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AM Radio North of Boston (Including a Field Trip to a Real Field)

Some observations after a busy Saturday morning:

After posts about WCCM-AM 800 seemingly broadcasting with
daytime facilities all night, I experimented with my radio
that displays relative signal strength.  I disconnected the
long-wire that is also wrapped around the ferrite bar with
the receiver, then viewed the signal strength of WCCM;
it knocked the needle fairly far to the right, about 3.5
out of a possible 4.0...this is the level I get from WEEI-AM 850
with the antenna attached.  This occurred well after sunset
a day or two ago.  This morning (11/10), it also registered
about 3.5, indicating the likelihood that I was getting
the same signal level day and night.  I must add that this
is not a scientific reading, but I can view the relative
up and down movement when WILD-AM 1090 powers up two hours
after sunrise and when WWZN-AM 1510 goes from critical-hours
daytime pattern to night pattern.  I've also noted that WCCM
comes in better than WCAP when I leave work in Waltham 
at 5:00ish in the evening.  Loos suspicious.

Last week, I mentioned that while going coastal (not postal)
to hear LTAR on WJTO, I dropped by the construction job 
at WNBP-AM 1450 in Salisbury, MA (COL Newburyport) and noted
that all the construction seemed completed but the signal
strength didn't seem any better than when the old tower was
in use much earlier.  Today, It appeared that the signal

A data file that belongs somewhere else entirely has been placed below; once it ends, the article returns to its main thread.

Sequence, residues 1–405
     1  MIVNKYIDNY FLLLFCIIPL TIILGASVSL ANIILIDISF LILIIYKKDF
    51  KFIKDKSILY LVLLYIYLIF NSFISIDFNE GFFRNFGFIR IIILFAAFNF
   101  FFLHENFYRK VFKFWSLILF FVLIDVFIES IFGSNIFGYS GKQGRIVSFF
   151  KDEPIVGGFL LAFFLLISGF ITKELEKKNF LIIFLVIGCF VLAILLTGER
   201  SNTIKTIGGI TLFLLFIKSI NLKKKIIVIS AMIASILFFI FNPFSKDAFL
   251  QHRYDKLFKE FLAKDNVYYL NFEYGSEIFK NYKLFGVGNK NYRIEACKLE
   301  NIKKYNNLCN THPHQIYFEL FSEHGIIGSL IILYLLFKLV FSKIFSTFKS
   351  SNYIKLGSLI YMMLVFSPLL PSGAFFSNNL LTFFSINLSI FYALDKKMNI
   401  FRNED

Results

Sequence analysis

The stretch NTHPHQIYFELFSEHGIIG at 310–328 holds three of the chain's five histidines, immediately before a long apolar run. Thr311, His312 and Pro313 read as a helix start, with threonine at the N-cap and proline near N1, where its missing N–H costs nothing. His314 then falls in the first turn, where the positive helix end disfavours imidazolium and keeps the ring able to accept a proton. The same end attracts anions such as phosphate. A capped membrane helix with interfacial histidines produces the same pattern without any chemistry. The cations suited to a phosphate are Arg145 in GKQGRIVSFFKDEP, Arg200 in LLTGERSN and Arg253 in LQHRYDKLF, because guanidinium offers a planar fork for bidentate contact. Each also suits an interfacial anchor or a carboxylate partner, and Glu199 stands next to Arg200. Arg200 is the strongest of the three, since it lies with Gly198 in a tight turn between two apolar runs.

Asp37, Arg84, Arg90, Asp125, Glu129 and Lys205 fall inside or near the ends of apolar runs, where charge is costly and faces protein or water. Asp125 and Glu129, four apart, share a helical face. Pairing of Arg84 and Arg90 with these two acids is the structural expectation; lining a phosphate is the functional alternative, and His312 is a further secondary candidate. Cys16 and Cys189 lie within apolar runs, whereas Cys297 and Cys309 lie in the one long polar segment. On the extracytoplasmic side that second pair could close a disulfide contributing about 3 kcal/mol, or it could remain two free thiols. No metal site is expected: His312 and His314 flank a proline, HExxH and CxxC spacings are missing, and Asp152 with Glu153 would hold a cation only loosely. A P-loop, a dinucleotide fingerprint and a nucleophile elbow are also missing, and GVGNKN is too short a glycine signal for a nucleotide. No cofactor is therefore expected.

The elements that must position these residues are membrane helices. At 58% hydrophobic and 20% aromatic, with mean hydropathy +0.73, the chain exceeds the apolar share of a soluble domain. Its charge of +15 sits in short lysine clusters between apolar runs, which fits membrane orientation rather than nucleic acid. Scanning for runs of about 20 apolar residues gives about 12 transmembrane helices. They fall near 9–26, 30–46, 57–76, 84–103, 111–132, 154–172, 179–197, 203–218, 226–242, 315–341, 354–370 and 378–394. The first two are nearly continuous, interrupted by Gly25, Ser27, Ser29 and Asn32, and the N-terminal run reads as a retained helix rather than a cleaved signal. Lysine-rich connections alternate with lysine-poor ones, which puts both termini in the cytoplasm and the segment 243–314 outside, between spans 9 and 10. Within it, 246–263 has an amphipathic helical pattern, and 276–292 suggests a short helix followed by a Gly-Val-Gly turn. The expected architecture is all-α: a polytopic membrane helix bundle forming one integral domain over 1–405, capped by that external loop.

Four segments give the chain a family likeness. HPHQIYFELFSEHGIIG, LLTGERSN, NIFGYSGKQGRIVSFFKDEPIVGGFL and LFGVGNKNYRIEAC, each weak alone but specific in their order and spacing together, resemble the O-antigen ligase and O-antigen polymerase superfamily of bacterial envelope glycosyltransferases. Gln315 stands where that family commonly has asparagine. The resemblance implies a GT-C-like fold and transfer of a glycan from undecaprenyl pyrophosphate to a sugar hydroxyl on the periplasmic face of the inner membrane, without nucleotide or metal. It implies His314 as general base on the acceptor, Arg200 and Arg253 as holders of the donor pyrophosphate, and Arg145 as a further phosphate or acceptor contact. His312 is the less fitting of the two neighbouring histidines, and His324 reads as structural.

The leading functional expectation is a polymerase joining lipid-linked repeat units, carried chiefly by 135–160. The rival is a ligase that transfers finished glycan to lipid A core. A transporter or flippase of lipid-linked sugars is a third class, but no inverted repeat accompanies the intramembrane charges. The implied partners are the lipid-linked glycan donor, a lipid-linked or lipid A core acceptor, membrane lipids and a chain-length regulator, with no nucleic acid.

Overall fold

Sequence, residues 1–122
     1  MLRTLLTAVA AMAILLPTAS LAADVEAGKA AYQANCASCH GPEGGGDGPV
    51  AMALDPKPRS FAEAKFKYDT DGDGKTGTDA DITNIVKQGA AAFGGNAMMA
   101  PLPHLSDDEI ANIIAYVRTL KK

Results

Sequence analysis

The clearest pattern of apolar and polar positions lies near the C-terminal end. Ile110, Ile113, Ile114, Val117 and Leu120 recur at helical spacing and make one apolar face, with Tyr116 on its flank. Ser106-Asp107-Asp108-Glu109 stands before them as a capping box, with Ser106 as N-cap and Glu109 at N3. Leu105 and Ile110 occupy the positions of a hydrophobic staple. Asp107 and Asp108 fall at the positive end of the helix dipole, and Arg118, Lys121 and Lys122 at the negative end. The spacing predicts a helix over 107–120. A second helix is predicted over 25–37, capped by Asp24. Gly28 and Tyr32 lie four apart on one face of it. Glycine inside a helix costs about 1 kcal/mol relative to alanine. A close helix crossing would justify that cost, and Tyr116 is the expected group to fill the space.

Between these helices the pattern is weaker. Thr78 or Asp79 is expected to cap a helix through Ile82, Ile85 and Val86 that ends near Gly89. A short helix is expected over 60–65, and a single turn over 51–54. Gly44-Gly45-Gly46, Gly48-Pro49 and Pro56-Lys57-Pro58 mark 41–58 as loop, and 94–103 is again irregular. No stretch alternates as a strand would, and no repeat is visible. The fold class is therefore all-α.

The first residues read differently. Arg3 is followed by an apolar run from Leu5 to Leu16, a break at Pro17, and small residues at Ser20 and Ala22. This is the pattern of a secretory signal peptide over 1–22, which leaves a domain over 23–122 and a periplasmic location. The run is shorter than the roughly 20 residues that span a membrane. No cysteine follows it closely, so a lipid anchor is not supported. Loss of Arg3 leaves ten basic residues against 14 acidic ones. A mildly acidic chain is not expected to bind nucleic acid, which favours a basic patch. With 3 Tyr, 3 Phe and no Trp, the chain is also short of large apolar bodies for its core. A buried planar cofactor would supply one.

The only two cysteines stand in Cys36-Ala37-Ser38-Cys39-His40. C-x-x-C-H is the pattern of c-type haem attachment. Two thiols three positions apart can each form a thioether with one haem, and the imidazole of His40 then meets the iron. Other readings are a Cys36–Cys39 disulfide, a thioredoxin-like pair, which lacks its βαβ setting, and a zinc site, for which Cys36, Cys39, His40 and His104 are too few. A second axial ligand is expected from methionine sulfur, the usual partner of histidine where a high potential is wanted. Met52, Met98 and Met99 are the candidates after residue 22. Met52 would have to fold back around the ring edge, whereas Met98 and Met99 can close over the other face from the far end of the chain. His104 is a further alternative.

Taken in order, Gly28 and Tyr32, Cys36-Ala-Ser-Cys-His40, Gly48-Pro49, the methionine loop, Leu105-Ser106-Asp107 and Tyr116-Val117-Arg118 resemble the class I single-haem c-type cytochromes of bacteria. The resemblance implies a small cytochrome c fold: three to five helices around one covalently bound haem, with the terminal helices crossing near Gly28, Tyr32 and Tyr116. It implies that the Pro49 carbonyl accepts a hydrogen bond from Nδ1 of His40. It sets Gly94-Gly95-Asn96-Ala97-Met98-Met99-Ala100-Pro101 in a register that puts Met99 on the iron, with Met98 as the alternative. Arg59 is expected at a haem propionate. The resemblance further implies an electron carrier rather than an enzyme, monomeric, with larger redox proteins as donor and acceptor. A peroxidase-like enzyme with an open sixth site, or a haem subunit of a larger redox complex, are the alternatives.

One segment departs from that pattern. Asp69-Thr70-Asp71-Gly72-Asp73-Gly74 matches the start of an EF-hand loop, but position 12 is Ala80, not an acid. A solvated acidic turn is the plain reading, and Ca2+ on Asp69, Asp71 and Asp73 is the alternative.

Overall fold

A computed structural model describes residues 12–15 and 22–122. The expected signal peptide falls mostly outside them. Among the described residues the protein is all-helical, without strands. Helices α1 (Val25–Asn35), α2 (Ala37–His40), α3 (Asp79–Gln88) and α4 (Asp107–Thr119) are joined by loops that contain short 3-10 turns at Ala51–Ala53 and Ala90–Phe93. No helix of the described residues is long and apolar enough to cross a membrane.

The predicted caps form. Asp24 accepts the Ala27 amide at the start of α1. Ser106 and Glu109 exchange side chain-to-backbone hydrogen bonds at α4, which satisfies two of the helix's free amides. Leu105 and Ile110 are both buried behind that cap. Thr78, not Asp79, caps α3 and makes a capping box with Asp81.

is alittle bit better than it was last Sunday.  Maybe they weren't yet running at a full 1k then.  The website
(www.wnbp.com) shows pictures of the construction process
but doesn't yet declare it completed.
Also, last Sunday, WMYF-AM 1380 on Portsmouth, NH was very
weak last Sunday;  today it's back to normal.  (Transmitter
And now the field trip.  Last summer, after WNSH-AM 1570 began broadcasting from Endicott College on Rt 127 in
Beverly, I drove arounfd the roads that circumnavigate the
campus, but did not go on the campus itself because the school
was closed, some gates were down and there was a guard in the guardhouse.  So I decided to wait until school began
in the fall and there would be adults walking and driving 
around the campus anyway.  Today was the day, and I expected
to see a DIRECTIONAL array sort off hidden maybe behind some
trees a la WNNW-AM 1110 in Salem, NH.  Well the WNSH broadcast
facility is well-hidden all right, on the far side of the
soccer field on a rise of land behind the school's power
plant, with a deep ditch around it.  But there's only ONE
tower, about 150-feet high and a little hat on it indicating 
top-loading.  This indicates to me that they're broadcasting with the same output as when they were on South
Hamilton's only skyscraper and transmitting omnidirectionally.
The FCC listing for the station shows an authorization for 
5K directional but mentions nothing about an interim operation like this.  Very curious.

Laurence Glavin
Methuen, MA